As noted above, the younger generation of characters are themselves a source of nostalgia for the older generation, while the older generation’s nostalgia puts the younger into an increased sense of the fleeting nature of their present. Their place as trainees, i.e. students, also evokes a great location of nostalgia, school, a period that is always limited in time, guaranteed to pass, and so often looked back on with a nostalgic glow.

This is perhaps most explicit in the first chapter of volume 6 (which is just at the middle of the series (2 volumes of Aqua and 12 volumes of Aria, means volume 6 of Aria is actually volume 8 out of a total 14)) where the six undines are gathered together for the first time. The older generation (admittedly, older seems to mean early 20s in this story) tell the younger about how they met. This story clearly mirrors the way the younger characters met in earlier volumes. The younger characters note this in the story. What disturbs the characters is the way over time the older generation got so busy with their work that they don’t get to see each other very often, when, as youths, they spent every day together training (as the younger generation do throughout the series). This sense of change and lose is closely associated with the nostalgic longing, time passes, life changes, and those situations where we considered ourselves most happy seem to gain luster by their distance.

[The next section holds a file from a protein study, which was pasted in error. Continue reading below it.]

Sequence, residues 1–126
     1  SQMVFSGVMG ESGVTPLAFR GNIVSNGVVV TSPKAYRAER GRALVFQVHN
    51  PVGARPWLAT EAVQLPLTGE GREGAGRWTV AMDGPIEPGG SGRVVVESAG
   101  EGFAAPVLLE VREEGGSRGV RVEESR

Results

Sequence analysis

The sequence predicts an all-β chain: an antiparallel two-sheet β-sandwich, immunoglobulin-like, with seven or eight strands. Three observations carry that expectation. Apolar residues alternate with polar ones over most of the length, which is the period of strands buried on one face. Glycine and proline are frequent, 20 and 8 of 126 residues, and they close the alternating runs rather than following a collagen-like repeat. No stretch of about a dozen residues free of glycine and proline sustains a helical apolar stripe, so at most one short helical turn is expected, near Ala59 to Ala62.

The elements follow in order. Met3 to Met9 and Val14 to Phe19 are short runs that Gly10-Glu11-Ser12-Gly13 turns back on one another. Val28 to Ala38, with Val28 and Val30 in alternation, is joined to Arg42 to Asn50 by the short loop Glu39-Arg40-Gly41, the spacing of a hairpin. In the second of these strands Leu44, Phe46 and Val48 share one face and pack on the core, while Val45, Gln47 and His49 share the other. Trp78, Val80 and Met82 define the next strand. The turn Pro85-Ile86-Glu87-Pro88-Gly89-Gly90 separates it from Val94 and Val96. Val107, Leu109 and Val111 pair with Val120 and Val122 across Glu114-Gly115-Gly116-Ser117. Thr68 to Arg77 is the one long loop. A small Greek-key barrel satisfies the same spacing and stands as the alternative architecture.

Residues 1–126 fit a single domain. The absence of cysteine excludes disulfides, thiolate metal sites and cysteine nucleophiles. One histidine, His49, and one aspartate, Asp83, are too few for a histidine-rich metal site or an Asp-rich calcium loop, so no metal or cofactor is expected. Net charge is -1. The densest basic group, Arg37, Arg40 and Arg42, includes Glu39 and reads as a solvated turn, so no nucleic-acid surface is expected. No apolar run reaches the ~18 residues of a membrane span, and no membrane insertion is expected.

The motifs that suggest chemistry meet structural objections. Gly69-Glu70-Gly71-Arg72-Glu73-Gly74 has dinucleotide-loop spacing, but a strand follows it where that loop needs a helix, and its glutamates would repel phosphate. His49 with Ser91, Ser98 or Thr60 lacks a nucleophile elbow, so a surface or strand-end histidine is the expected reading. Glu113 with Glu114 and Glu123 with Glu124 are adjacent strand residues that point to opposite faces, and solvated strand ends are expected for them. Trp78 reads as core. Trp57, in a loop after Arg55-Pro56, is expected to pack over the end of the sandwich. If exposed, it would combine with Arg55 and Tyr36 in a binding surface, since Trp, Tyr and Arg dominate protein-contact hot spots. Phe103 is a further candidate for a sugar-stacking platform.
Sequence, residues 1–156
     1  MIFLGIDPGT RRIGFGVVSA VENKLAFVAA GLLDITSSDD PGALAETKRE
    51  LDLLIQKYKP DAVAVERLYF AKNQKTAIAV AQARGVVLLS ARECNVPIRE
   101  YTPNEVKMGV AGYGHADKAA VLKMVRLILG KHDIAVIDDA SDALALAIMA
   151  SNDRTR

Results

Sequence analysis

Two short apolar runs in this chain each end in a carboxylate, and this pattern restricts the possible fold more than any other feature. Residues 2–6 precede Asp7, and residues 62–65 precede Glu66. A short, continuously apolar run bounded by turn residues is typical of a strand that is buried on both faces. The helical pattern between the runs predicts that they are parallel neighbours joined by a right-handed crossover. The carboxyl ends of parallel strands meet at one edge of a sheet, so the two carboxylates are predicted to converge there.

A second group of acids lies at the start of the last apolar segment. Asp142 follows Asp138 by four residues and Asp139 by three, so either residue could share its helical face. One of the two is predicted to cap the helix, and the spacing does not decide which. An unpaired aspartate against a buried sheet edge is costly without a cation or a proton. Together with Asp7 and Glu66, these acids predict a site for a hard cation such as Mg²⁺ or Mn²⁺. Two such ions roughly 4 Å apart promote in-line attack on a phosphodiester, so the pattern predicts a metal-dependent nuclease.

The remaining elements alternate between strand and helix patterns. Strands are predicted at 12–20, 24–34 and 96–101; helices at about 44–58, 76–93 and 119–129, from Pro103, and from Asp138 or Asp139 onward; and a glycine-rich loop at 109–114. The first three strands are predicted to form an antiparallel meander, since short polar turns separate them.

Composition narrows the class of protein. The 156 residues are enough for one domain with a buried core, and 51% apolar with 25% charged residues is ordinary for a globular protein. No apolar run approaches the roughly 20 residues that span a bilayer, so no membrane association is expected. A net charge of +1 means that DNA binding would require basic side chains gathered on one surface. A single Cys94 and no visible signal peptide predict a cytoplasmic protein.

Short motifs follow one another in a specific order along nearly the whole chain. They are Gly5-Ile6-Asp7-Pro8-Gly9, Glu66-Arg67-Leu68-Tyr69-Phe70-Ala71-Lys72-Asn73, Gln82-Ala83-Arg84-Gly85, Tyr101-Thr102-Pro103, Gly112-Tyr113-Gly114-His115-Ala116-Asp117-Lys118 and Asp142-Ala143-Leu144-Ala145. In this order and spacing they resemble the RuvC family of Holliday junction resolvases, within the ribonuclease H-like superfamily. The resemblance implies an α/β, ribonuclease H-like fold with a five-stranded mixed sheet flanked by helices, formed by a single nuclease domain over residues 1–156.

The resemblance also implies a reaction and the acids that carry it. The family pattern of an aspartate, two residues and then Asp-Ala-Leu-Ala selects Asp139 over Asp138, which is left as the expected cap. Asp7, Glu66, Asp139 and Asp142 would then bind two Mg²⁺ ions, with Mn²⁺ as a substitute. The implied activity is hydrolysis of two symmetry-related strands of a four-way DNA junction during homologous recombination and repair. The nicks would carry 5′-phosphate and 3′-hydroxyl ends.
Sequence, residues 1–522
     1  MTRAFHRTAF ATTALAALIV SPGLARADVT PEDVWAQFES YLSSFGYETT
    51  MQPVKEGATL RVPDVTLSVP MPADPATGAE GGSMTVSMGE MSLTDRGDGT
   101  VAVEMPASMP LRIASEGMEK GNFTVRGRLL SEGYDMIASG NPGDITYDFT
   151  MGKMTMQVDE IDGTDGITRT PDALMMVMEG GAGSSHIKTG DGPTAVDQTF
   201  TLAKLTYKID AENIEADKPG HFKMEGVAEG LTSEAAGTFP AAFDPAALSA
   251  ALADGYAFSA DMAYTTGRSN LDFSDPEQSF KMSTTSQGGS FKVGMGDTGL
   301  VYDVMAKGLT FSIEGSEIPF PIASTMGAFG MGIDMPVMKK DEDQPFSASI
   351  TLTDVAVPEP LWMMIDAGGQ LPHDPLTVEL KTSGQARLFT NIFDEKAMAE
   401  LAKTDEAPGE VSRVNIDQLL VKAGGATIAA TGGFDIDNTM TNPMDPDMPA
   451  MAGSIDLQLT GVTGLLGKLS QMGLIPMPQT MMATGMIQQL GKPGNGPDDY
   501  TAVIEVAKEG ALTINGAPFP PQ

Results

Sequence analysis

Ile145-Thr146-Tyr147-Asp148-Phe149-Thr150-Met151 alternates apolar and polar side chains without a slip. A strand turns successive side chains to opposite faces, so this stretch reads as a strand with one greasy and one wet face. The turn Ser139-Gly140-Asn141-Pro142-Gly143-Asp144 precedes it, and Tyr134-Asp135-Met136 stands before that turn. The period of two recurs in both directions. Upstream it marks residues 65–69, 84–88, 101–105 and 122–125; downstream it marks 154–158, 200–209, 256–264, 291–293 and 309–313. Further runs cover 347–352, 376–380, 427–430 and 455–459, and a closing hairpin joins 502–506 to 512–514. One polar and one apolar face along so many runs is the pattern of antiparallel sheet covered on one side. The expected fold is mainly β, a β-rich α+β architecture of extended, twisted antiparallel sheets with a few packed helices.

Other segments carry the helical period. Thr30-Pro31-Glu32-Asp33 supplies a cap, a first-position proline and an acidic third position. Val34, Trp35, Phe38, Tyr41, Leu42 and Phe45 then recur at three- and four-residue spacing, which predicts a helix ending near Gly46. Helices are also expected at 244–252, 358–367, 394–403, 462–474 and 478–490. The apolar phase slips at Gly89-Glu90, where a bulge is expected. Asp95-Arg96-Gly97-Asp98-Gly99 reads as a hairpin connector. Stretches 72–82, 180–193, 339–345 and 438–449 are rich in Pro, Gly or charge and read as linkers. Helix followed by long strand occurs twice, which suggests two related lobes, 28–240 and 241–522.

The sadness of nostalgia and change is countered by the didactic content of the series, an example of which can be seen in this very scene. The older generation offers the younger generation advice on enjoying the present:


I should note that this scene (again, situated at the center of the series) is repeated in memory in the final volume of the series, with this same advice replayed, further showcasing this as a core scene in the series.

Similarly, in contrast to the nostalgia, Aria frequently calls for the appreciation of the present as fleeting moment to be enjoyed to the full, a call that is the series other main theme. Akari as a personality is often shown with, and admired by the others for, her ability to find pleasure in the everyday and to make the most of her experiences. Her enthusiasm for life, people, and the world around her becomes infectious both to the other characters and acts as a draw for the reader. As an example, in volume five a whole chapter is devoted to Akari and her enjoyment of waiting: “I love to wait. I relish little pockets of spare time.” (154)